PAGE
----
This step can be done ahead of time: Place sweet potato cubes in a medium size pot and cover with water. Add a dash of salt, and place over high heat. Allow the water to come to a boil, and then reduce heat and allow the potatoes to simmer until soft (20 minutes or so). Drain water, set potatoes aside. If you do make the potatoes ahead of time, store them in the fridge in a sealed container until you need them.

In a large non-stick skillet, melt butter over medium-high heat. Add shallots, and cook for 2-3 minutes, until translucent. Add in sweet potatoes, and gently stir to coat with butter. Allow to cook for 2-3 more minutes. Sprinkle cayenne, brown sugar, rosemary, salt and pepper over the potatoes while they cook. Be careful not to over-stir, so that they potatoes retain their shape (and don’t get mushy. You want them to remain in cubed form!). Turn the heat up to high, and deglaze the pan with half of the whiskey. Allow the sweet potatoes to caramelize. Once slightly browned on one side, turn the potatoes over (or give a quick stir) and sprinkle with more brown sugar. Add in the rest of the whiskey, and cook until potatoes have caramelized and have light to medium browning. If the potatoes begin to stick at any point, add in more butter.

Taste, and adjust seasonings if needed. I like them to pack a punch, so I use more cayenne than indicated. Sprinkle a bit more fresh rosemary over the top of the potatoes and serve immediately. If you really want the potatoes to pack a bit of a punch, drizzle just a touch more whiskey over the top of the potatoes before serving.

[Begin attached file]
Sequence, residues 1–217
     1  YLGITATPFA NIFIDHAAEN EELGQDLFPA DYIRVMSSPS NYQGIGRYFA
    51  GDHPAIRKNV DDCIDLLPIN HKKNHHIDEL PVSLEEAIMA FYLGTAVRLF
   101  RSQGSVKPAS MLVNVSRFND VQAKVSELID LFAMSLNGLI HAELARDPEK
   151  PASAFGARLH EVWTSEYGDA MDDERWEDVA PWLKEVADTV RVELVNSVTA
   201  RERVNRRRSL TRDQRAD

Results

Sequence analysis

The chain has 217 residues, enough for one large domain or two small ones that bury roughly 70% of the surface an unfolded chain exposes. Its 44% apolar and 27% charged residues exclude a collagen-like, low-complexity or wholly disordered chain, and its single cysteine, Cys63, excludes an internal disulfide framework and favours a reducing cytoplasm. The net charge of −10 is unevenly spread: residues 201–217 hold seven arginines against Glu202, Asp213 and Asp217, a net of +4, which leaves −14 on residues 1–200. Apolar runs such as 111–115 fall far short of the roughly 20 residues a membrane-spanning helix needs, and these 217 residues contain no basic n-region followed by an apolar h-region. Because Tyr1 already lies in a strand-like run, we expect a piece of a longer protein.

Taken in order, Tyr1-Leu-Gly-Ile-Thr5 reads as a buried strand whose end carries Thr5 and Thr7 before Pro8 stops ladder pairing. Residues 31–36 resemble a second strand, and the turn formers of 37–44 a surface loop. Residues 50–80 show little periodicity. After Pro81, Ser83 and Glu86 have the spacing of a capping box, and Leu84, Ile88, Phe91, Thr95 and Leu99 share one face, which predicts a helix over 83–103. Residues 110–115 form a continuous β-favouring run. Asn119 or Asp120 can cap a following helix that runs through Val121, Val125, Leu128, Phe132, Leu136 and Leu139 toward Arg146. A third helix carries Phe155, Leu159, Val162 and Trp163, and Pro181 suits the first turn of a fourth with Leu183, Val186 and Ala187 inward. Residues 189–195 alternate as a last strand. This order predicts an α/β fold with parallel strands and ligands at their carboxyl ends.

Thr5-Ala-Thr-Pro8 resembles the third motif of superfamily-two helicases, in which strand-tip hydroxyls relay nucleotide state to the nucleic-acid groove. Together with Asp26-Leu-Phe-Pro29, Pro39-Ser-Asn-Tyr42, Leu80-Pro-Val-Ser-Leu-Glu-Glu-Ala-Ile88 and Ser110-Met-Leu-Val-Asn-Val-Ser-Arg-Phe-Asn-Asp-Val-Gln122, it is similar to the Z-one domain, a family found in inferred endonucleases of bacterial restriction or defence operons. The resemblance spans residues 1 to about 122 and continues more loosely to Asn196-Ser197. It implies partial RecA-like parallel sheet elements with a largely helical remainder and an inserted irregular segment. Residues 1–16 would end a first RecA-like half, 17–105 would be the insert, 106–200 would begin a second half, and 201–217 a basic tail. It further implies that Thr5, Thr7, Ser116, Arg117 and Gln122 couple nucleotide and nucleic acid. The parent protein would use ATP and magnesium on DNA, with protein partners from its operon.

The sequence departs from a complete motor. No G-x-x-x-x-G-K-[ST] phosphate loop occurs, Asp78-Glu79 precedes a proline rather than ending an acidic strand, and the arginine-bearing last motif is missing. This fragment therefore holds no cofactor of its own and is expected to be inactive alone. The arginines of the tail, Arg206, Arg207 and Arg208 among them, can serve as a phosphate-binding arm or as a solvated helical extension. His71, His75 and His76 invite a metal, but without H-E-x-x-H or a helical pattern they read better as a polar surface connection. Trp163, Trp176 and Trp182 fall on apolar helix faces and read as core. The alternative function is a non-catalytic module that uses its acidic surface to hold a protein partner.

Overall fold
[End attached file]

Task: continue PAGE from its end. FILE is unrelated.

Recipe Swap: Brussels Sprout Slaw

Why hello, everyone!

I’m sure that most of you know the drill by this point. Every month, I participate in a Recipe Swap that is organized by the lovely Christianna from Burwell General Store. If my memory serves me correctly, I’ve been participating in this swap since last November – which means it’s almost been a year (!). How time flies when you’re having fun…

And I certainly always have fun with the recipe swap. Last month I managed to turn a recipe for Wild Rabbit with Vegetables into a recipe for a Bloody Mary(with lots of gratuitous pictures of my cute bunny rabbit, of course).